263061 Young Black Men, Condom Usage, and Sexual Health Services

Monday, October 29, 2012

Angelica Geter, MPH , Department of Psychology, Morehouse College, Atlanta, GA
Sinead Younge, PhD , Department of Psychology, Morehouse College, Decatur, GA
Introduction: Black college students serve as a bridge between high and low risk populations among Black Americans. In 2009, Black Americans comprised 14% of the US population but accounted for 44% of all new HIV infections in 2009. Persons aged 13-29 accounted for 39% of all new cases of HIV, with the highest incidence of HIV (51%) among Black men. The current study explored the contextual factors (e.g., student health services policies and practices, condom availability, social norms, institution identification, perceived community risk factors) that moderate and mediate the relationship between individual level factors and risk/protective behaviors.

Methods: Black male collegiate students (N=19), aged 20-24, were recruited to complete a brief questionnaire and participated in qualitative interviews on the present topic.

Results: The participants' safe sex behaviors were determined by their commitment level to their partner(s) and previous HIV/STI prevention knowledge. Condoms were most frequently used as a method of birth control with primary partners and HIV/STI prevention with secondary or concurrent partners. Majority of the participants did not utilize the available sexual health services to receive access to condoms. Utilization of these services was primarily for the purpose of HIV/STI testing. Barriers to seeking these services included fear of judgment, perception of a lack of confidentiality, and condom brand and size.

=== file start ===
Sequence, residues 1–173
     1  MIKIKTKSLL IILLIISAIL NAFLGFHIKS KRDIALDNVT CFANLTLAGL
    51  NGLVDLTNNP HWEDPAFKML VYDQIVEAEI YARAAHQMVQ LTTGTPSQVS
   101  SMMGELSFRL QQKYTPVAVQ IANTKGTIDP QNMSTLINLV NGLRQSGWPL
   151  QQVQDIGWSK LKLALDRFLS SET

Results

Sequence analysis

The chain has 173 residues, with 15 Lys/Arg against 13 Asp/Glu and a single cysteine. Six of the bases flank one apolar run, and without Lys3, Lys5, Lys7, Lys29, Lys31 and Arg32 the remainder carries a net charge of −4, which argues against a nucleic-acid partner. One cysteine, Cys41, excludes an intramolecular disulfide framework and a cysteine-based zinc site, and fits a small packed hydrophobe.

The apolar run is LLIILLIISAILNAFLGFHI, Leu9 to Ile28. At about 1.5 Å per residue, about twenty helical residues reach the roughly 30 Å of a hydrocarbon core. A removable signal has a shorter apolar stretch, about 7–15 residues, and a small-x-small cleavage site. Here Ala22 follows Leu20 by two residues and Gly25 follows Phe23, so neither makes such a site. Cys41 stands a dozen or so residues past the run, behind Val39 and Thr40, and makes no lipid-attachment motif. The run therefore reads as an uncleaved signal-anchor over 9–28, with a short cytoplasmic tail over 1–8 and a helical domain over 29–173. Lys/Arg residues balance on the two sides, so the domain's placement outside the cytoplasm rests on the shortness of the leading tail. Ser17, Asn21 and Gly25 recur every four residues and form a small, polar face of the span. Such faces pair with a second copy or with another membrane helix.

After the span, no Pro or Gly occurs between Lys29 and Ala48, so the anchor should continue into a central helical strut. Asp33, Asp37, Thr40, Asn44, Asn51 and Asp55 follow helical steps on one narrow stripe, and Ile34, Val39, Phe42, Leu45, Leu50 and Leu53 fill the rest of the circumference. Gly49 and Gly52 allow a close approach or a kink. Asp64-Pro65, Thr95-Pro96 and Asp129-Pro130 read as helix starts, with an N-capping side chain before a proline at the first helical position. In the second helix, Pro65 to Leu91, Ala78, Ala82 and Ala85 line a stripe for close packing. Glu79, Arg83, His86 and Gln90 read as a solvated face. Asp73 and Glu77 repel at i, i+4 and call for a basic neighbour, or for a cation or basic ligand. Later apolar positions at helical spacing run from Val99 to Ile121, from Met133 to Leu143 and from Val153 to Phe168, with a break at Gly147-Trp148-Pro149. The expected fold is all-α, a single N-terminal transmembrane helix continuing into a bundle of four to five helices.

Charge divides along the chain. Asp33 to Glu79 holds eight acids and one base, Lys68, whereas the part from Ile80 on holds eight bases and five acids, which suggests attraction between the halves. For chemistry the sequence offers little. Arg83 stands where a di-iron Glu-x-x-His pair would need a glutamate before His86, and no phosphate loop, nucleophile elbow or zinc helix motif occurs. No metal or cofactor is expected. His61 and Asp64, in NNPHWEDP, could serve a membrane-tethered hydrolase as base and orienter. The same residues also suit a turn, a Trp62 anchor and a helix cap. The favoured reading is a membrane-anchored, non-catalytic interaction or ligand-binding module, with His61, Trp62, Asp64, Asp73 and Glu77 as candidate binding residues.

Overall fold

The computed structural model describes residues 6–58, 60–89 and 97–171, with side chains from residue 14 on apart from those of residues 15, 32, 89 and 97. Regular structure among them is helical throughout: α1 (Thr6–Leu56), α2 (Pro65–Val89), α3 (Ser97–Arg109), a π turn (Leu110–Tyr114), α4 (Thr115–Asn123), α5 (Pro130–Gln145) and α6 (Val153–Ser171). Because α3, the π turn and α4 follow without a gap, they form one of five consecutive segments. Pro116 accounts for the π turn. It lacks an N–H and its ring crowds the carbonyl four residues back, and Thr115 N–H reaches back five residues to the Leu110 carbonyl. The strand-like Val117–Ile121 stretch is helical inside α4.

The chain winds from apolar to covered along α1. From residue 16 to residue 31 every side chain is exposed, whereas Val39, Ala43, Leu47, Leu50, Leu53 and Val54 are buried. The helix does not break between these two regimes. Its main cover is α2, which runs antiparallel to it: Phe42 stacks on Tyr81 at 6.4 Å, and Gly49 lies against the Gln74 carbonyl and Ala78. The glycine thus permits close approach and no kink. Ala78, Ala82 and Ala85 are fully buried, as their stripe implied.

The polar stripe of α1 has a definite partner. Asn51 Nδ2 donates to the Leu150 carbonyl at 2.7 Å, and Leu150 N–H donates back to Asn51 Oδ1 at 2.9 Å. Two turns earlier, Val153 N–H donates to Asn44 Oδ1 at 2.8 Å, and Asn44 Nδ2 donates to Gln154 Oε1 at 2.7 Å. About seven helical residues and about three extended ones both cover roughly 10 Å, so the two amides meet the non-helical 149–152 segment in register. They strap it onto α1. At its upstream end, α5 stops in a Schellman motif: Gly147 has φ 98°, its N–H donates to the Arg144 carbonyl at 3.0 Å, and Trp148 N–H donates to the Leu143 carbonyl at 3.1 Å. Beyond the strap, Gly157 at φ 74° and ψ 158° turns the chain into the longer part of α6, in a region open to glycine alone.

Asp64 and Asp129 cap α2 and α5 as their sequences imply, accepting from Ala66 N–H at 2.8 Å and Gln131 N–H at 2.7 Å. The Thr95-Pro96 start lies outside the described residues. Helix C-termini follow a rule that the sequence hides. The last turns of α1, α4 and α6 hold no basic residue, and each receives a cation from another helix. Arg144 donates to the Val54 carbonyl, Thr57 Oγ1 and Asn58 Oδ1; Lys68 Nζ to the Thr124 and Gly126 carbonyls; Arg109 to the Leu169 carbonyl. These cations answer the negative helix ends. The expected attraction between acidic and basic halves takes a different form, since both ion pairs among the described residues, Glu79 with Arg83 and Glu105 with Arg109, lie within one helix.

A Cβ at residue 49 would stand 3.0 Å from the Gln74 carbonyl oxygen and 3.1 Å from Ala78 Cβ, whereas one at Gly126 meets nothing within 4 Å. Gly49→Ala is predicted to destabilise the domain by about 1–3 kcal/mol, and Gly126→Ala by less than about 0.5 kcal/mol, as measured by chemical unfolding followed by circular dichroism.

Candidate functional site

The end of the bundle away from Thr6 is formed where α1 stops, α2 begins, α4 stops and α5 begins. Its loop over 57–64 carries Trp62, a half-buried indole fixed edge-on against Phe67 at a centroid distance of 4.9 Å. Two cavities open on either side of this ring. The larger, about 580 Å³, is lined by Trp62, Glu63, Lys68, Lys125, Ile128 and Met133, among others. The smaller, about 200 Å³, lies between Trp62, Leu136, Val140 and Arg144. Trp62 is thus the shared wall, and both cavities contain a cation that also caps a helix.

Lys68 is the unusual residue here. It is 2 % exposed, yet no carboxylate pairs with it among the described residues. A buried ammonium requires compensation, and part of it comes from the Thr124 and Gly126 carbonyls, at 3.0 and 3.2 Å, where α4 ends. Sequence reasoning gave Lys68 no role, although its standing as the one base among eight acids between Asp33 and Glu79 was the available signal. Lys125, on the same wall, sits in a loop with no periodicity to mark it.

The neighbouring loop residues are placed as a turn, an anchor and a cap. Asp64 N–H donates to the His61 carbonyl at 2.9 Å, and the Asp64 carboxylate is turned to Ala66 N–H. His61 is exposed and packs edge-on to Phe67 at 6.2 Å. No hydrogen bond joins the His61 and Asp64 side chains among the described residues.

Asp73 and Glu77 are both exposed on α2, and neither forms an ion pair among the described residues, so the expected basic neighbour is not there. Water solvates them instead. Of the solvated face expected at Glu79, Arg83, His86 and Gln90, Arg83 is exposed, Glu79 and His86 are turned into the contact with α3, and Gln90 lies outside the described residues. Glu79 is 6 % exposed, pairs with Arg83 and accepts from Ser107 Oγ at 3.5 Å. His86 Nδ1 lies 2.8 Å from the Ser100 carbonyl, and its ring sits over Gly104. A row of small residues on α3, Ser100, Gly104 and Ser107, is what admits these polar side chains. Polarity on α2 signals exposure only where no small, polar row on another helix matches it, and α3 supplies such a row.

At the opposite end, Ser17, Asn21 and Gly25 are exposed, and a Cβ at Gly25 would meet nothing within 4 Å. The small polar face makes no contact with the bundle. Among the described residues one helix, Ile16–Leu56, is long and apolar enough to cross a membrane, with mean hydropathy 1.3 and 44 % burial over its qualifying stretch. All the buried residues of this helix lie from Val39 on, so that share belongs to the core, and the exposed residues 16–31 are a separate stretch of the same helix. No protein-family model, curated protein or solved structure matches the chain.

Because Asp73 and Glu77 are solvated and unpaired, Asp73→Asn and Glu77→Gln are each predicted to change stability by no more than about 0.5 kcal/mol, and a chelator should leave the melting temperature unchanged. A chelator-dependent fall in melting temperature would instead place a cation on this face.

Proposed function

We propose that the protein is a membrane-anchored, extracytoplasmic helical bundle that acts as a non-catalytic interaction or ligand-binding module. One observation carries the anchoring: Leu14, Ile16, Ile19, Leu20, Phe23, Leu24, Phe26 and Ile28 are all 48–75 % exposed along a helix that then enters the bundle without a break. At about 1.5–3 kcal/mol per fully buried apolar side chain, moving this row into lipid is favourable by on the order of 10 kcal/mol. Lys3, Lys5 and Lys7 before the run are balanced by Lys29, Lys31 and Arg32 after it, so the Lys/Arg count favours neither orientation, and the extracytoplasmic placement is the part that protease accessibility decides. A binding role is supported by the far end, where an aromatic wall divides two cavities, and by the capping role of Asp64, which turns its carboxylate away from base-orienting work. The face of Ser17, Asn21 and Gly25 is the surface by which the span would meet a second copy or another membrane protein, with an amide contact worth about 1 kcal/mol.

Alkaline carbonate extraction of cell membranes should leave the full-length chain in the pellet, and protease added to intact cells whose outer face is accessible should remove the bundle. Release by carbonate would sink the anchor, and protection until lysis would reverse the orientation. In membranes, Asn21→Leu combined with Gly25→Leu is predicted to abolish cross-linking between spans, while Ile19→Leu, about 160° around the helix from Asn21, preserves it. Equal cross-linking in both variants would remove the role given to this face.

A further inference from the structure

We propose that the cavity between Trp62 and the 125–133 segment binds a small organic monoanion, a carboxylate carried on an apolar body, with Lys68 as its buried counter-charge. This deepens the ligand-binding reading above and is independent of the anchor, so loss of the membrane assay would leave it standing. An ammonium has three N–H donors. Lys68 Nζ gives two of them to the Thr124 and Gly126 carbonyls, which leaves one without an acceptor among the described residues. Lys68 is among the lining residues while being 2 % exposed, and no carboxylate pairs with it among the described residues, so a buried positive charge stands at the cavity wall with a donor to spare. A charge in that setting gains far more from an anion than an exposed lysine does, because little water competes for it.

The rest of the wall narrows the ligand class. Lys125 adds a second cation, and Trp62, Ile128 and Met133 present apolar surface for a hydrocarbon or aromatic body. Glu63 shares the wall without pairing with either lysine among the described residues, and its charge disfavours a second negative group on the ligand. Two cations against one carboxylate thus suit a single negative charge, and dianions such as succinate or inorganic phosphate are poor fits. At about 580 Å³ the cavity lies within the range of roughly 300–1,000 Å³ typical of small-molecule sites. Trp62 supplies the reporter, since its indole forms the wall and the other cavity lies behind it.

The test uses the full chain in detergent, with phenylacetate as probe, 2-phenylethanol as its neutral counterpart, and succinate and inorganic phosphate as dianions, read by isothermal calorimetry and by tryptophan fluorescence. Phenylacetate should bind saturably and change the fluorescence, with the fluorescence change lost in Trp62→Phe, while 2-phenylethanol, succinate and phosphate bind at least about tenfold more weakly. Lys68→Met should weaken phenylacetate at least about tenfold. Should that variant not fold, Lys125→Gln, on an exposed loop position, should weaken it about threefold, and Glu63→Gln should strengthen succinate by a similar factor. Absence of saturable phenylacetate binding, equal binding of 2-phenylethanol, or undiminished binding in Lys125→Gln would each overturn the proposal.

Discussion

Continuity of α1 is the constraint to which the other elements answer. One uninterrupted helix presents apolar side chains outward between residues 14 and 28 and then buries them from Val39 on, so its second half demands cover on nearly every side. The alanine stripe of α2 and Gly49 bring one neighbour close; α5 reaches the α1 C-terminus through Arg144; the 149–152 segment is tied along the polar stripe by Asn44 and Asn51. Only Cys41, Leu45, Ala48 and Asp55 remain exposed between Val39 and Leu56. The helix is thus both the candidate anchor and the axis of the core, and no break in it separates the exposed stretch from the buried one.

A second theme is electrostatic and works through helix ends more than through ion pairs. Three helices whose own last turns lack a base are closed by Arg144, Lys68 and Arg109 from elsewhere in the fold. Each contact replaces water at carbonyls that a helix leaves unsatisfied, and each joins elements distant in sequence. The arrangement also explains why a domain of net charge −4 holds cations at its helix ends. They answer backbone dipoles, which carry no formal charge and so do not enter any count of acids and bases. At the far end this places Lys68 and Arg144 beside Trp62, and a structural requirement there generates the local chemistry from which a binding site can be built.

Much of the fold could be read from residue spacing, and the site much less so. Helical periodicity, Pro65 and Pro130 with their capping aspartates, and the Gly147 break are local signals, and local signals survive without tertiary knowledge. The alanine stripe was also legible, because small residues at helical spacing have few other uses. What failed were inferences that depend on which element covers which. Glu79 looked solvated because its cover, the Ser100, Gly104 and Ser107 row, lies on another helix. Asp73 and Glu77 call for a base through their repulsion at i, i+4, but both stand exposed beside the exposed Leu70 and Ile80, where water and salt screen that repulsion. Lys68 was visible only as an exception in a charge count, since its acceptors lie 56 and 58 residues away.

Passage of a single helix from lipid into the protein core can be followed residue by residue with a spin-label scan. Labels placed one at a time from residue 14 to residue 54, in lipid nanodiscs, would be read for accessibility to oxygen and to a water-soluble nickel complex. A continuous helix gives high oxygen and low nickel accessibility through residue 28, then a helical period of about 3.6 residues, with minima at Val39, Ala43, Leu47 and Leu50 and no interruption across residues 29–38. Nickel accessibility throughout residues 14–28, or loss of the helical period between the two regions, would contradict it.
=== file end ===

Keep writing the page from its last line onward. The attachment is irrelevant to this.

Conclusions: Further exploration of the contextual contributors to sexual health concerning Black males in and outside of the academic setting is needed.

Learning Areas:
Public health or related research
Social and behavioral sciences

Learning Objectives:
Discuss contextual factors (e.g., student health services practices, condom availability,and social norms) that moderate and mediate the relationship between individual level factors and risk/protective behaviors among young Black men.

Presenting author's disclosure statement:

Qualified on the content I am responsible for because: I have been the co-principal of a federally funded grant focusing on sexual risk behavior and HIV/AIDS prevention among men. I am an applied evaluator and behavioral scientist with experience in outcome, process and formative evaluations, and intervention design and dissemination in the area of HIV/AIDS and STIs among underserved populations.
Any relevant financial relationships? No

I agree to comply with the American Public Health Association Conflict of Interest and Commercial Support Guidelines, and to disclose to the participants any off-label or experimental uses of a commercial product or service discussed in my presentation.

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